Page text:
Monday, January 24, 2011

Parenting A Princess Or Pushing A Prodigy?

News shows and articles have been full of parenting book drama lately.  The biggest hoo haw has engulfed Amy Chua's Battle Hymn of the Tiger Mother, which alternately repels and compels parents to re-evaluate their own parenting choices.

In my opinion, books that make me really sit down and think about my own rote assumptions are good things.  But Chua makes that difficult, writing in the Wall Street Journal:
Chinese parents demand perfect grades because they believe that their child can get them. If their child doesn't get them, the Chinese parent assumes it's because the child didn't work hard enough. That's why the solution to substandard performance is always to excoriate, punish and shame the child. The Chinese parent believes that their child will be strong enough to take the shaming and to improve from it. (And when Chinese kids do excel, there is plenty of ego-inflating parental praise lavished in the privacy of the home.)
While I didn't have a Chinese mother, my own mom came close on this point, and I certainly have more than a passing familiarity with this as a means of forcing perfection from a young age.  And I can say, quite honestly, that while this may work in terms of grades and accomplishments while in school, it teaches your child that other people's expectations and wants are to be exceeded and put ahead of everything else and that the child's own are to be suppressed.

This is not a recipe for happiness in later life, let me tell you.  Nor does it give you the personal skills to overcome that without a lot of work on the back end, something I have worked very hard not to visit on my own child for very good reason.

But our child does have to live with expectations.  It's not all spoiling and whatever you want to do at our house -- academically, she is expected to do all of her work to the best of her ability.

The WSJ had Ayelet Waldman do a rebuttal piece to Chua's that comes closer to my own position:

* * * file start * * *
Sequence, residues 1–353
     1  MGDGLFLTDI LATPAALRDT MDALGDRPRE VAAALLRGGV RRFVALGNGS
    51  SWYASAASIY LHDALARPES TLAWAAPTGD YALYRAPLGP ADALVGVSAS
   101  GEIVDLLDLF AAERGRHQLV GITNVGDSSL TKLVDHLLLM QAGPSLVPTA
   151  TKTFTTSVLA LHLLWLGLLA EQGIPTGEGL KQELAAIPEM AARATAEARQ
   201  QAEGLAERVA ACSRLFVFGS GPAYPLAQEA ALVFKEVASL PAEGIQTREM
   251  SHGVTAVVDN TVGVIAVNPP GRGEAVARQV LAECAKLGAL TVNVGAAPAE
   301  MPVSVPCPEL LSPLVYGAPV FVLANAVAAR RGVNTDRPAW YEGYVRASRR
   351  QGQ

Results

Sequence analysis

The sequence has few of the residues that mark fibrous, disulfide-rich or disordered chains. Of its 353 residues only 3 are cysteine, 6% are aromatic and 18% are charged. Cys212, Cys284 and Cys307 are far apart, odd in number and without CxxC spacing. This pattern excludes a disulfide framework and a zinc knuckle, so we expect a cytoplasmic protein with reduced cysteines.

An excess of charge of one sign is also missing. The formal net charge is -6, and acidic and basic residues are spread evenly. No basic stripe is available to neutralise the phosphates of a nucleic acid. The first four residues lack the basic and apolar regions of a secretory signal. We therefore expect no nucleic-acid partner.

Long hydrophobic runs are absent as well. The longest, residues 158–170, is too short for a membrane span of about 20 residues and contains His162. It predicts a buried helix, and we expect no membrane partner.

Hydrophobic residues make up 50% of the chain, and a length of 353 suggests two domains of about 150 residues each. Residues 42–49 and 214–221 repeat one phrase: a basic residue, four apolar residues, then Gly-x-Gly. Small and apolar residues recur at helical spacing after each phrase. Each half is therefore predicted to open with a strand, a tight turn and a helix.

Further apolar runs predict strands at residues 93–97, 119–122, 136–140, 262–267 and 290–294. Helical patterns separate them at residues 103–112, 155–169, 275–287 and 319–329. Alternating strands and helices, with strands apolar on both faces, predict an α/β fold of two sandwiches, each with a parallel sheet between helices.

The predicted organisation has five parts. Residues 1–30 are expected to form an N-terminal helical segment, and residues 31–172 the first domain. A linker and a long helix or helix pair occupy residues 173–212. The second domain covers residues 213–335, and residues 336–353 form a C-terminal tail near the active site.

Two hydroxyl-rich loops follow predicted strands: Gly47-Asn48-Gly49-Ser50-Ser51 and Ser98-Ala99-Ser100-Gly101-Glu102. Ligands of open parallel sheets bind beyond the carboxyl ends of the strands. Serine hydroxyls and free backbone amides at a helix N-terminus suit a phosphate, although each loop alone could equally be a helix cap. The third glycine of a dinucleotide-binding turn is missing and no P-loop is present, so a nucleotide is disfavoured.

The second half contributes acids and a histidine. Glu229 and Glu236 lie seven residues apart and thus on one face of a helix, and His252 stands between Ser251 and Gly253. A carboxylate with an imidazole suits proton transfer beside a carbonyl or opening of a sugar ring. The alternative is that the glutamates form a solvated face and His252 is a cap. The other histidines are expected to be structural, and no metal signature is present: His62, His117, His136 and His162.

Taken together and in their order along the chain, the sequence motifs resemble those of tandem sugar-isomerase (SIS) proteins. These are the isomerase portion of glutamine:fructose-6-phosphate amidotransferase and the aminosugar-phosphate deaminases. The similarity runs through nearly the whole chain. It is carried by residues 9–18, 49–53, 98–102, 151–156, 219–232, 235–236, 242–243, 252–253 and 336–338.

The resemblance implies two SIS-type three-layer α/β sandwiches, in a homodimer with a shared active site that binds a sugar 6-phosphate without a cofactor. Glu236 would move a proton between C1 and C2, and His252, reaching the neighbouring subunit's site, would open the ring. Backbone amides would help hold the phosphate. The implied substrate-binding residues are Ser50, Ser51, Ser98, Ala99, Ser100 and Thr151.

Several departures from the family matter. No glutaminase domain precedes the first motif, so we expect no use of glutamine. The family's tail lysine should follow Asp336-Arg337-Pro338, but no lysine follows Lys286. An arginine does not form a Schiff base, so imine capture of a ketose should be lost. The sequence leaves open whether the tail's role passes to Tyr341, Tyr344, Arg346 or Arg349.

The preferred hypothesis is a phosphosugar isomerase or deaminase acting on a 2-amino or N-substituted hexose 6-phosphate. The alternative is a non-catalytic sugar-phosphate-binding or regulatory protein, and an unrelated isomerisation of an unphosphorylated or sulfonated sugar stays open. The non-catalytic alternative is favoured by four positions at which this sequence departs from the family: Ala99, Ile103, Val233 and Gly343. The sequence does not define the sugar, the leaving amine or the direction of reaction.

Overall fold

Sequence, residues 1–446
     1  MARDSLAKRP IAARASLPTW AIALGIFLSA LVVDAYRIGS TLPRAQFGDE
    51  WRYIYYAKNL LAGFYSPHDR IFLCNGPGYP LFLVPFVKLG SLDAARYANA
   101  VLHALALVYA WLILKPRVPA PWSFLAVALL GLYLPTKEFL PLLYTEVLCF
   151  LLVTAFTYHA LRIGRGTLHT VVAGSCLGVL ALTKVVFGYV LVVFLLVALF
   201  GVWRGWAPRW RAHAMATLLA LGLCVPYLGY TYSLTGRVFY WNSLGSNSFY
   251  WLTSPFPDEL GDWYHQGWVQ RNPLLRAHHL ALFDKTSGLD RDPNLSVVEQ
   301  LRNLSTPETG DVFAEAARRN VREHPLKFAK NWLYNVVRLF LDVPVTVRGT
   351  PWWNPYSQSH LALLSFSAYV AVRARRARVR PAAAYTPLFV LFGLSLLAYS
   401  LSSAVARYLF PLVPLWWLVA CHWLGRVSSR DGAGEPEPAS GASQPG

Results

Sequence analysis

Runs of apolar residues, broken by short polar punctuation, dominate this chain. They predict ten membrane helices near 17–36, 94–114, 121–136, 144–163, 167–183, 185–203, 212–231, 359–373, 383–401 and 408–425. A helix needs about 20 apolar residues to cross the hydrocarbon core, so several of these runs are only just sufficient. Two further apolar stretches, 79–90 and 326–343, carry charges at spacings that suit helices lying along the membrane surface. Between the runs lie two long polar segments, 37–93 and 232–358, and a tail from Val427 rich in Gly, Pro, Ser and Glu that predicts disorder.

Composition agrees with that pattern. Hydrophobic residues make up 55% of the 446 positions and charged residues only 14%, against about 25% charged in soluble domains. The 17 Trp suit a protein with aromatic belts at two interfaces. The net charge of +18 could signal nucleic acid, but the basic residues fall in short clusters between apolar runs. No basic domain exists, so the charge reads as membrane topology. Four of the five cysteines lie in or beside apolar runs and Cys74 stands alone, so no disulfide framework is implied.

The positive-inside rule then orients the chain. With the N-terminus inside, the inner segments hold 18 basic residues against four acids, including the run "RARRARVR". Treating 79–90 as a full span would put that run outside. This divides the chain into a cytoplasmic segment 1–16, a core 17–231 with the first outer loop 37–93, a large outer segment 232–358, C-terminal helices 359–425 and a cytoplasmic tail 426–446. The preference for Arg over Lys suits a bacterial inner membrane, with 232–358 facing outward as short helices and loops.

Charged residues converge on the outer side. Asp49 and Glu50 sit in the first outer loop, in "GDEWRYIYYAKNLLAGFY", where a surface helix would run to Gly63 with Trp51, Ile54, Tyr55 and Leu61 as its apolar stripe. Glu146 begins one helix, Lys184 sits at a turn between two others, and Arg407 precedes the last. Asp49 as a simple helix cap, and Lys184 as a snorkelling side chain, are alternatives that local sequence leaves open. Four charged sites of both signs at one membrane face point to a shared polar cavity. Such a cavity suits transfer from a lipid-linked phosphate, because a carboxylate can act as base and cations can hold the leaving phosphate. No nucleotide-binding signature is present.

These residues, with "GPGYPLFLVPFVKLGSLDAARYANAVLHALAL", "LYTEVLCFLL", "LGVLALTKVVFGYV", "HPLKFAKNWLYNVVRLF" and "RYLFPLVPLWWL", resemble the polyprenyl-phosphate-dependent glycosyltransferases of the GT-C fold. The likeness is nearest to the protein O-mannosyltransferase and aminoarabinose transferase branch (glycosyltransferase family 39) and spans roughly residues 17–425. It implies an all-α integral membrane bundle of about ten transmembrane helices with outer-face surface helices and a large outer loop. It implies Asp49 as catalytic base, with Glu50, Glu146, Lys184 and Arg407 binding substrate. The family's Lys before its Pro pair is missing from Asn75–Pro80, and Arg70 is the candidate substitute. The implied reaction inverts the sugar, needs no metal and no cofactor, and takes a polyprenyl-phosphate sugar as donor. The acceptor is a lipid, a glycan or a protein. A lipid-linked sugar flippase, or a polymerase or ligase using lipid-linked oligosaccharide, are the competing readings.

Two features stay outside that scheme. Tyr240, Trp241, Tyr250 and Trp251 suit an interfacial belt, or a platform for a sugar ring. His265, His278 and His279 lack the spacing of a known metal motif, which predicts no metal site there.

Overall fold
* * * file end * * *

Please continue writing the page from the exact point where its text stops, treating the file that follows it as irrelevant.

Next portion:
The difference between Ms. Chua and me, I suppose—between proud Chinese mothers and ambivalent Western ones—is that I felt guilty about having berated my daughter for failing to deliver the report card I expected. I was ashamed at my reaction. But here is another difference, one I'll admit despite being ashamed of it, too: I did not then go out and get hundreds of practice tests and work through them with my daughter far into the night, doing whatever it took to get her the A. I fobbed that task off on a tutor, something I can afford to do because my children reside in the same privileged world as Ms. Chua's.
Failing to do the work assigned to you in class is unacceptable in our house. As is failing to study. But if you try your hardest and only bring home a B-? Then I chalk that up to my method of working with her at home, and we come up with something new in terms of how we study the next time to see if we can pull that grade up a little.

Honestly?  She's pretty hyper-competitive about grades on her own, so maybe it's a genetic thing in our family even without the obsessive parental push.  How can you know?

And as a parent, how can you ever know if what you are doing is helping or hurting?  Isn't that the constant, internal nag for all parents:  "Am I doing this wrong?"

But with all the hype of Chua's book, I have a feeling that marketing persona is a lot of it and that her reality as a mother in her own home was something a bit softer.  You can't get a bestseller merely by appearing milquetoasty in your marketing, now can you?